What happened to children during the Black Death?

The Black Death is one of the most famous disease outbreaks starting in Italy near the end of 1347 and then spreading to the rest of Europe. It is believed to have come from an animal epidemic among Asia and being passed on to human blood due to finding a new food source. As trade was being brought over from China, rats infected with fleas were also carried over. They made it over to Europe and created a devastating effect. According to this website, professor Shona Kelly Wray from the University of Missouri-Kansas City wrote, “Historians estimate death tolls of between a third and a half of the European population. For medieval Italy it appears that some urban areas, such as Venice, Florence, and Siena, suffered staggeringly high mortality rates of over 50 percent.”

Family was the heart of medieval Europeans, and sadly during the outbreak it was common for families to abandon one another. They were unraveled because of the Black Death. We can’t exactly determine what happened to the children, but parents who were dying of the plague “often wrote wills in which they provided for the future of their families as well as their own souls” (Wray).

A recent outbreak of the disease two measles happened in Nigeria, killing over 40 children. The children had not been immunized against measles, which is very contagious and can spread through the air. Since 1963, vaccination campaigns were introduced. They reduced 78% of the world’s cases since 2000. “There are still 20 million cases of measles worldwide each year, with 95% of deaths occurring in countries with weak health infrastructures” (healthmap). Now there are over 300 cases and it will just increase if they don’t get help.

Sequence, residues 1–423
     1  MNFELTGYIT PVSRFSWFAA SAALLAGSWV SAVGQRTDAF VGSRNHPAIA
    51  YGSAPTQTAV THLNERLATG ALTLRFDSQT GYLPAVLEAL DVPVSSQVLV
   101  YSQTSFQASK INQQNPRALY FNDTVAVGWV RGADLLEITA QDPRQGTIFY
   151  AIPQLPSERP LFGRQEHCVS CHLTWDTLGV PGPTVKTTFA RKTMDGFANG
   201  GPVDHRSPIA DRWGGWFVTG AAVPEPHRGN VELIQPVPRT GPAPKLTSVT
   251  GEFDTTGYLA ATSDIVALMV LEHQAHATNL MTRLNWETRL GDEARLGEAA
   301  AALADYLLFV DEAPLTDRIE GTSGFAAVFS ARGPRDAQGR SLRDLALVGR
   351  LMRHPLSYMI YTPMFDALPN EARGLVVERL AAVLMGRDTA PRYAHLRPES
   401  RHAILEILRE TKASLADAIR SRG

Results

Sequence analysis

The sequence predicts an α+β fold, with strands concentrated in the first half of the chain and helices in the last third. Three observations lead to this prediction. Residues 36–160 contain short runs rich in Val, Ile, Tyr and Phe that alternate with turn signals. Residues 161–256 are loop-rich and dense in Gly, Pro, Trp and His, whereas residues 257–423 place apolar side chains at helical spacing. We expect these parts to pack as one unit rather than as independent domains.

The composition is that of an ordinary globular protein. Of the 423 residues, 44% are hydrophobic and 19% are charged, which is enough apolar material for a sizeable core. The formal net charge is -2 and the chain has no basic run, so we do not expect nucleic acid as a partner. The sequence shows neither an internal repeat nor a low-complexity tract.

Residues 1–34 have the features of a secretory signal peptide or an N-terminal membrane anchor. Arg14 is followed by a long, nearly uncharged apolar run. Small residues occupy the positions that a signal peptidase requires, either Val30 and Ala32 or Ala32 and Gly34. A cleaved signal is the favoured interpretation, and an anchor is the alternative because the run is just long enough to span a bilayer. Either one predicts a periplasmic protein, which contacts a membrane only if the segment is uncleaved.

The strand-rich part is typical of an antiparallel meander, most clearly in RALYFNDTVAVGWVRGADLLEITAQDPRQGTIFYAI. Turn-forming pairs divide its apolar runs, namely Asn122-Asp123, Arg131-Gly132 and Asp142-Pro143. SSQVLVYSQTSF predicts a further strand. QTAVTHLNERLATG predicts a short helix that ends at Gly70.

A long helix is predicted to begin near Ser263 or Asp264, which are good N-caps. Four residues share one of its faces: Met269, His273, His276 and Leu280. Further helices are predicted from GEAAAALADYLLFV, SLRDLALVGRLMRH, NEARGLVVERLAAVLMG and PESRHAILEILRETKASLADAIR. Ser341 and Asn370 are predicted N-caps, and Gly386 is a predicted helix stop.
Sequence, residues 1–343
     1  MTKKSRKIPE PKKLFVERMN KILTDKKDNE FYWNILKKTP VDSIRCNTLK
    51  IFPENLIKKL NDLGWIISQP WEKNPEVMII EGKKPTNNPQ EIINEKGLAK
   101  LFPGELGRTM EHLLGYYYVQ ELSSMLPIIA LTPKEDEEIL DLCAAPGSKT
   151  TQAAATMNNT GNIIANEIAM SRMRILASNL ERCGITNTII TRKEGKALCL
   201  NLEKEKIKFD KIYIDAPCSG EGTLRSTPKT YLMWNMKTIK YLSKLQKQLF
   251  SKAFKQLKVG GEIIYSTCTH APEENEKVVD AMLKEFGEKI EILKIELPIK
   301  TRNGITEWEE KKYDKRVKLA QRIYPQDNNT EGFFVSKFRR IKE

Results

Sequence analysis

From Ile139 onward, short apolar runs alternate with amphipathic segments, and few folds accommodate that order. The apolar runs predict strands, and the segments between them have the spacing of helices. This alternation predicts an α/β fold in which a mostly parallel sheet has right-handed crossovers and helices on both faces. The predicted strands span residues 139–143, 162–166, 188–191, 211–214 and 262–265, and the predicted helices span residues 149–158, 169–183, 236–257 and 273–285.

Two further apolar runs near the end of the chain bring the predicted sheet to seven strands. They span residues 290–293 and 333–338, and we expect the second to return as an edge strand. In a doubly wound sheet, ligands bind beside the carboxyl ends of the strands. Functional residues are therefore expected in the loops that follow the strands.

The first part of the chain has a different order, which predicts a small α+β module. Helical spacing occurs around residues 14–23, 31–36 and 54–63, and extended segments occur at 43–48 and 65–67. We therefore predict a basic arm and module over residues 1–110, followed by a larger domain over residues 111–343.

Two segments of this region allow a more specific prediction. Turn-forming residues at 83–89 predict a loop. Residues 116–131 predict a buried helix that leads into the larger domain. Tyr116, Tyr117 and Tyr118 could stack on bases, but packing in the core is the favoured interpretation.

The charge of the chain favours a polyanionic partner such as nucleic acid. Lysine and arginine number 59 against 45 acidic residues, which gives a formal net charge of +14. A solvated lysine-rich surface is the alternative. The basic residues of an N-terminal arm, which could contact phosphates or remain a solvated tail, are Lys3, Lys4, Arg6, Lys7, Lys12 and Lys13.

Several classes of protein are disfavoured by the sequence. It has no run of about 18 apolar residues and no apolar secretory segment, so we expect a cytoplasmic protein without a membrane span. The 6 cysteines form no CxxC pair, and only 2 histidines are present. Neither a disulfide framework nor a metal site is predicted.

These sources relate to each other by both being about a disease plague, but during medieval times there was no way to stop it. In Nigeria however, they don’t have the medications which will continue the measles spreading.

Even though as Minnesotans we don’t have the fear of the measles, we need to realize that plagues are still occurring and some we provide help that can keep from erupting. It is important to know the health of other countries and take precaution even though they may never reach us.

Claire Davis

https://chnm.gmu.edu/cyh/teaching-modules/167 (primary source translation)

http://www.healthmap.org/site/diseasedaily/article/two-measles-outbreaks-kill-over-40-children-nigeria-3516 (contemporary source)

http://chnm.gmu.edu/cyh/case-studies/167?section=primarysources&source=184 (primary source)

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